DE: Tim flew me out to the Batman set in London, then I'm on a 747 on the way home. And.. the theme that became Batman's theme, suddenly starts playing in my head. I mean it played itself out as clearly as if it were playing in the theatre. So I got a tape recorder, that I learned never to travel without, and I ran into the bathroom. And I'm trying to lay it out in a way that'll make sense to me later, but 747s are really loud, and the bathrooms in particular are really loud, and I can't just sit there in my seat and start singing - you know, I'll be the crazy guy on the plane - so I'm running to the bathroom over and over and over again. Now the stewardess is getting nervous - "Sir, are you okay?" - "Oh yeahyeahyeah, I'm fine." - "Are you sick? Is there anything we can get you?" - "Nono, I'm fine." And now I can see them talking to each other, and it's like, obviously this guy is a junkie. What's he doing? Is he shooting up? What is he doing? He's, like, been in the - he says he's not sick - every ten minutes. And I'm going - I'm trying to lay it out like.. [whispers] "so, a snare drum, celli, bum, bum-ti-bum, bumbumbumbuum, bumbumbumbuum, bumbumbumbuum", and I'm trying to lay [it all out] in pitch, and I'm going, "French horns bu-bu-buuuuu bububububububububu-dunk, bubububuum" and obviously what I'm singing in the tape recorder is all meant to enable me to remember that piece of music, because I know that I'm going to land and I'll forget it because they're going to play landing music when they hit the floor, and it's going to erase everything. They're going to play a piece of muzak when they hit the tarmack and it's going to be like a Danny Elfman brain eraser, and then I'll be going home - "what was I thinking?" It's going to become that fish that got away. So I get home and I turn on my tape recorder and mainly what I'm hearing is "kkkkkkkkkkkkkkkkkk" - just an enormous roar, and a little bit in the background [muffled] "bwwwww" and my first couple of times through I'm going "it's gone! I can't get a sense of.. what was.." And then I listened to it about 10 more times and it was just enough - and then it came back, the whole thing just came back into my head. And I was at the piano, and I got the whole thing down, and that became the main titles to Batman.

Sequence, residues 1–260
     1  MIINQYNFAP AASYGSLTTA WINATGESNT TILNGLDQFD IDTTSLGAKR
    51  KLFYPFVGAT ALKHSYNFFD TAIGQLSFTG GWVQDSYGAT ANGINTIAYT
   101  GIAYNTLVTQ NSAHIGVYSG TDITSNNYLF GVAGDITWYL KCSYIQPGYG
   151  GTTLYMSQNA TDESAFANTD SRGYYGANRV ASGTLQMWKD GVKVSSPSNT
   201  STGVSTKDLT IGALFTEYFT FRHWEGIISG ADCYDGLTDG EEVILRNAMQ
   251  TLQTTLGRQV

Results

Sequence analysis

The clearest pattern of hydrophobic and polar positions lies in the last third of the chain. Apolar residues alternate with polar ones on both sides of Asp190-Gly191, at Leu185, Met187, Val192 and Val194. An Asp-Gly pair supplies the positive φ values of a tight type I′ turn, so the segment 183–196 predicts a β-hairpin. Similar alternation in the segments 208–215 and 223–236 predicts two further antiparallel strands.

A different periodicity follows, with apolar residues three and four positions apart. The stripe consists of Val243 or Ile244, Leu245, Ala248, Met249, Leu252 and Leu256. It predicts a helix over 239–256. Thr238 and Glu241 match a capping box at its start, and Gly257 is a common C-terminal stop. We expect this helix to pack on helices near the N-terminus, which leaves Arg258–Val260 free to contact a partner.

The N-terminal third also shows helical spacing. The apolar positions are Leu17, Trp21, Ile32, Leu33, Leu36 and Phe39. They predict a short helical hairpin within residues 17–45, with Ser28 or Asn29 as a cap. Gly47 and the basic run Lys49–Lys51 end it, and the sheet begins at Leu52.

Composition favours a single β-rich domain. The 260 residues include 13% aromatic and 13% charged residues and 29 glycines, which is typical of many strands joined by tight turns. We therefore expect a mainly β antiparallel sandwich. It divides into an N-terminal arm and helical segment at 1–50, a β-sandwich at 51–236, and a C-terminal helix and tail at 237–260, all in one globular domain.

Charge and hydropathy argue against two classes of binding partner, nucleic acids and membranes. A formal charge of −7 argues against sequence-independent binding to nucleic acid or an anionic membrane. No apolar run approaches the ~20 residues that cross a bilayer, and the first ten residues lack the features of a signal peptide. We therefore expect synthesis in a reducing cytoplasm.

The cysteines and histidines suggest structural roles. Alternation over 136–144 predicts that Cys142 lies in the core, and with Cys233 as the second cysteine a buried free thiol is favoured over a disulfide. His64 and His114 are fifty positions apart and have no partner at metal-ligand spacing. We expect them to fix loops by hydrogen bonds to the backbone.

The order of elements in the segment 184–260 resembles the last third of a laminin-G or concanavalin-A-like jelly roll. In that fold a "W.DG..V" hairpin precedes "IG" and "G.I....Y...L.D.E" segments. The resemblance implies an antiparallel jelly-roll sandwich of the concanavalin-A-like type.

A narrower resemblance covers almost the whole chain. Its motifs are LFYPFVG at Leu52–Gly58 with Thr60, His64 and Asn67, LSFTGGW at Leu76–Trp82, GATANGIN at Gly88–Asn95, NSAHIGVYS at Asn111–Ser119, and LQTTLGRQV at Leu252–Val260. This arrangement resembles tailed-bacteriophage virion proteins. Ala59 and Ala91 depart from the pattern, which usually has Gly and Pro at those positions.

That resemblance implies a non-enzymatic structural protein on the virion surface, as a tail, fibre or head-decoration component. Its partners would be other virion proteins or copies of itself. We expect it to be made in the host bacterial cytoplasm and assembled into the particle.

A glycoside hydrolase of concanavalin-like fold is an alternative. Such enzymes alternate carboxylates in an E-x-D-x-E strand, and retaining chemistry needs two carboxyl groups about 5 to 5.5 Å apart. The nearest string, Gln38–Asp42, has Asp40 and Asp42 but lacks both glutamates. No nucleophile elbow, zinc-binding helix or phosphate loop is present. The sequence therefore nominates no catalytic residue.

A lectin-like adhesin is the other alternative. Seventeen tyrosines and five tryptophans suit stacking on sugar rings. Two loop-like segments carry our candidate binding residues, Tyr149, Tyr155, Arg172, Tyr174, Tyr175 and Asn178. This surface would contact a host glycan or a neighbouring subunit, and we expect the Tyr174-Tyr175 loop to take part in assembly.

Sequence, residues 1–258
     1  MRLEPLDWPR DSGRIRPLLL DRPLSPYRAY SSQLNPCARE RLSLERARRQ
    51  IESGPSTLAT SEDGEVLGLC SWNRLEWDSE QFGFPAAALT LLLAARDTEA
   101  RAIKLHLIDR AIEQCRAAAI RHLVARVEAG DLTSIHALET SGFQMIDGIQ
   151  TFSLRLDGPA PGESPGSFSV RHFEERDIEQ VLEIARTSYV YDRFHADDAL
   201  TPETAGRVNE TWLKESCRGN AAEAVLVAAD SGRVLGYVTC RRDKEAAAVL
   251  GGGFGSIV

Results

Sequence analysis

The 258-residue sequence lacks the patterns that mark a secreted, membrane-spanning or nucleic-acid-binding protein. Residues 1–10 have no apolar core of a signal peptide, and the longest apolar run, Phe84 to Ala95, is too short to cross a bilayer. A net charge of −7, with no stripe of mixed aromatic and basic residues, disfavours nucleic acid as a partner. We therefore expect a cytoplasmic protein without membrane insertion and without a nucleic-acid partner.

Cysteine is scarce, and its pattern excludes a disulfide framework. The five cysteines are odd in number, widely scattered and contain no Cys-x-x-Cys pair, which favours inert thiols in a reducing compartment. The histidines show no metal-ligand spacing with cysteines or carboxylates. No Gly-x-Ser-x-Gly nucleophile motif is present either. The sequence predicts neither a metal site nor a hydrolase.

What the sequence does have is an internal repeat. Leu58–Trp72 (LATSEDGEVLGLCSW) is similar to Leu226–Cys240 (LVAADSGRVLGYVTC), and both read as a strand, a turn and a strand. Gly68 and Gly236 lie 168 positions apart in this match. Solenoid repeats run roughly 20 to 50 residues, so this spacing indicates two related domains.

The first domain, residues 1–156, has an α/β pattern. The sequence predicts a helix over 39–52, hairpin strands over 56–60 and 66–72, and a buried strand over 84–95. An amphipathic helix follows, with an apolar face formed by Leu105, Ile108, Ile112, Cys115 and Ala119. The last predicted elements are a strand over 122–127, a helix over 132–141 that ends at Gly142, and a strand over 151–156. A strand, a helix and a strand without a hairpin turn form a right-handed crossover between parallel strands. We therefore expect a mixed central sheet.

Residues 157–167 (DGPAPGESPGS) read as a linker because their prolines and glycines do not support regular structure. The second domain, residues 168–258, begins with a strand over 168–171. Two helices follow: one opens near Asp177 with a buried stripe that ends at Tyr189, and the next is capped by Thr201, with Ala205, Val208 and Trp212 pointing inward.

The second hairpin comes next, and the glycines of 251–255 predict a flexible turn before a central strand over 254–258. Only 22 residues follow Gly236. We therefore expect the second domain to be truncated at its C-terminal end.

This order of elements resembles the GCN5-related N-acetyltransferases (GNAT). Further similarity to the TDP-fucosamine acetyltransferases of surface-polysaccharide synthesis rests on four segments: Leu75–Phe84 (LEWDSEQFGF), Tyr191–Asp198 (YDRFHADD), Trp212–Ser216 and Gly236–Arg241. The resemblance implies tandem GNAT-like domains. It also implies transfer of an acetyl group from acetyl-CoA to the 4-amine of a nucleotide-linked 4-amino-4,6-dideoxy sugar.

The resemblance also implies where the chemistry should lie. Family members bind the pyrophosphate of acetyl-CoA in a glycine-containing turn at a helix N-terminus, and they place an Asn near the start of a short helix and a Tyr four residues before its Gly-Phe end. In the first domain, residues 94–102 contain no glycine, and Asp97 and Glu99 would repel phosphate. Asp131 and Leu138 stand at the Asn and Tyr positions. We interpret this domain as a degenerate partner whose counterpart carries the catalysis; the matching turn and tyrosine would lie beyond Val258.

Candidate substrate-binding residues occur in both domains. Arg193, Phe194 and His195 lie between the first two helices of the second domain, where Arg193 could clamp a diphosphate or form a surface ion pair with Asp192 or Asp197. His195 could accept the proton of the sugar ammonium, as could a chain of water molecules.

CB-A: Back in the day, the composer would have to sit down at the piano and play the theme he'd created for the director. But these days composers use a sequencer: a keyboard synthsizer connected to a computer program that can mock up the sound of an entire orchestra, AND play precisely to film images on a computer monitor.
DE: It's a great tool because the director can actually sit there and go, "oh yeah, that sounds very exciting, I like that" or "no, I don't like that part" before you're in front of an orchestra. You can kindof work it out with them.
[Background music: from Big Fish]
CB-A: Like his music, Danny Elfman's home in Los Angeles reflects his baroque sensibilities. There's a complete monkey skeleton in the living room on the coffee table. Actual shrunken human heads sit a-top the baby grand. Walk downstairs to his basement studio and you're greeted by an assortment of antique prosthetic legs, arms and hands. The studio itself is draped in red velvet and looks a little like the lair of the Phantom of the Opera, with Elfman playing the role of the mad genius facing an alter of keyboards, monitors and mixing consoles. He's currently working on the score of a new live-action version of the classic Charlotte's Web.
[Background music: from Charlotte's Web, in progress. Danny describes the scene as the music progresses]
DE: So, I'm playing her theme for the first time but I'm using piano's, I'm using celestes and I'm using bells because we're seeing her legs movingmovingmovingmovingmoving. She's weavingweavingweaving and there is a loose strand of web. Now I'm telling the audience that that means something. She has an idea. ... Now I'm getting more emphatic, and I'm playing her theme for the first time full-out that we're going to hear. Now she's beginning to fly around and she's got a plan. We don't know what it is yet. She's cutting and snipping, I'm giving emphasis to big cuts and big snips to help give it a little more - er - power to the movements that she's doing. And then finally we pan back ... And we see a moon against the web, and we don't yet know what she's done. [music stops]. This is all synthsizers you're hearing, and in a week this'll all be played again with a real orchestra, and sound much better. But yet this is close enough for the director to sit there with me, listen to the piece, and we could talk through the whole thing, work out all the beats. And by the way, my goal, I should add, with these mock-ups, is that there's as little disagreement in front of a 90-piece orchestra as there possibly can be, because with that many players you don't want to be arguing about how this hits and how that hits and if this is big enough or if this is strong enough or that should get smaller. You hopefully want to have all that here, in a room, just me and a director and a bunch of synthesizers which aren't running on the union clock, costing a fortune every hour.